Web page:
I was thrilled to hear Trombone Shorty again, since the last time they came to town (a show that Downtown Jazz presented at the Opera House) there was such a crowd in the place there was no oxygen and then after imbibing a little too much (and it doesn’t take much to get me tipsy) I felt the need to sit down and there were no chairs anywhere. I stepped outside and “when I regained consiousness…” I must have written about this in a previous blog, but the joke around the festival HQ now was that they brought back Shorty so I could get a chance to see the show. I’m sure there were some other factors. Saida Baba Talibah did the opening set – I caught the last couple of tunes (though I could hear the rumble from the media trailer). Turns out a lot of the low-end was coming from Tuba Joe, from NYC. We had a nice chat after and he was explaining his rig – how he gets a tuba to sound like a punchy Fender bass. We got talking so much that I never made it over to the Spectrum Road show at the Sound Academy. I heard it rocked.
Next night was the most anticipated show of the festival (by many), Esperanza Spalding. And she delivered some heavy jazz. A couple of my bass-player mates were in the crowd and seemed to be suitably impressed. Esperanza is a sweetheart but I will have to say the award for most thoughtful opening act goes to Gretchen Parlato who played some equally serious jazz, with impeccable vocals, and also left behind some delicious cookies for the media staff. It’s the small things you remember. I caught some of the 5-o’clock show and it was a loving tribute to George Shearing played by some local musos who played with George a lot, Reg Schwager, Don Thomson, and Neil Swainson. The played perfect recreations of the “Shearing sound” with piano and vibes playing the same lines.
On Friday (Day 8) Tedeschi-Trucks hit Toronto with a vengeance. Last time Susan Tedeschi played the festival it was at The Opera House on Queen East. It was not a blues crowd and it was not a blues opener, it was Alex Pangman doing her thing with Colonel Parker. Old Timey. This time the opener was a country/bluegrass outfit fronted by a young woman who carried the rhythm on her flat top guitar. And the fiddle & mando players were virtuosos. But still, it was a little generic for a jazz festival. They ‘ll probably do better than any jazz act as the next Lady Antebellum.
On the break, I was sitting by the stage entrance and who came in to sit next to me but the whole Trucks clan – grandparents and kids. I asked if he was “the dad” and he said yes – he was Butch Trucks, legendary drummer of the Allman Brothers. After a couple of tunes, I said to him “your boy plays every solo like it’s the last one he’ll ever play” and he responded something like “yea he’s got a lot of soul.” The little ones were maybe 5 & 7, very well-behaved and digging the show - I asked the little girl if she played guitar and she said no, shyly. I said “not yet.” Grandma looked like a “hippie chick of a certain age” and she was standing most of the time grooving to the music. The band played a killer set – best blues show of the year (so far) if you ask me.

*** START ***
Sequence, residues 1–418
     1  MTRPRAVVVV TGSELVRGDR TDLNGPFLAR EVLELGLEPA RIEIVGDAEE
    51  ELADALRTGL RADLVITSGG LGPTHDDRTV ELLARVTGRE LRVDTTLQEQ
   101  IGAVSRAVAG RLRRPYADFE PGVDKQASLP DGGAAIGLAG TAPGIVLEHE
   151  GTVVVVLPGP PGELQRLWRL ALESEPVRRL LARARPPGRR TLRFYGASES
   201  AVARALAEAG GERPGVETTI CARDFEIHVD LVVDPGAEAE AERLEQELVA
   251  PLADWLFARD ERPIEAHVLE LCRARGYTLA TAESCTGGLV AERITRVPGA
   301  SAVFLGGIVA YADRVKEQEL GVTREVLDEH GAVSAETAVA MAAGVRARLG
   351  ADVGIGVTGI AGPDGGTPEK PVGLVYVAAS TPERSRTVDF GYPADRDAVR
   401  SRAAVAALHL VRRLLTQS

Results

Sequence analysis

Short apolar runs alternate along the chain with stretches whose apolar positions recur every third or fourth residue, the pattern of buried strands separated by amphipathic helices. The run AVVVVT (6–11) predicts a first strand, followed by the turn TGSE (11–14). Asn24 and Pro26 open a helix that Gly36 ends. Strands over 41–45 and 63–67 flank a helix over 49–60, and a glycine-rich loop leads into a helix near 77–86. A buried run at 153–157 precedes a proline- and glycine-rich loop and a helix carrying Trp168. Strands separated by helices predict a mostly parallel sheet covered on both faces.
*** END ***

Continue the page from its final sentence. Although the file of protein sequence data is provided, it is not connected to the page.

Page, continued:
Tedeschi-Trucks are at the top of the blues food chain and they’ve worked there way up there slow and stead, first individually and now together. They spared no expense to put together this show – top sidemen, 3 horns and 2 back-up singers. Everybody on that stage could be a star in his own right, and some are. They brought not only their own monitor guy but they brought their own monitor board. And the show sounded great. There had been reports of a very loud sound-check but they were probably just seeing how much they could get out of the mains because it was not too loud at showtime. When I swung by the square to pick up my car there was a big truck loading out all the extra gear they brought. I haven’t seen that much backline since Bootsy Collins last year.
In contrast the Tedeschi-Trucks with two tour buses and all that extra gear, next day Canadian blues buzz-act Matt Andersen arrived on the site by himself with his guitar and a Long & McQuade bag with a set of strings and a Boss tuner. He then proceeded to change his strings 20-minutes before showtime, something most of us guitar players would be reluctant to do. He must have stretched them out pretty good because he didn’t have any tuning trouble and he tore through a great set for 500 fans. He’s still a gentle, unassuming character for someone who’s now in the big leagues. Joan Osborne played first and did her hit but I didn’t really feel a connection with her music. Mind you, I loved what she did with the Funk Brothers. Before Matt ended his set, I took a walk down Queen Street to the Horseshoe to hear two more artists I had never heard of, Becca Stevens and Nellie McKay. Yawn.
I wanted to go back up to the Orbit Room to hear Donna Grantis. The previous night I went up with Clayton and Colleen Allen was the special guest. She was playing great, with lots of sax/guitar doubling. Clay sat in for a tune and I tried to corner the very-busy Colleen for a recording session. Saida Baba Talibah and her other guitarist, Hill, arrived to jam but I just had to head home. It’s been a long week.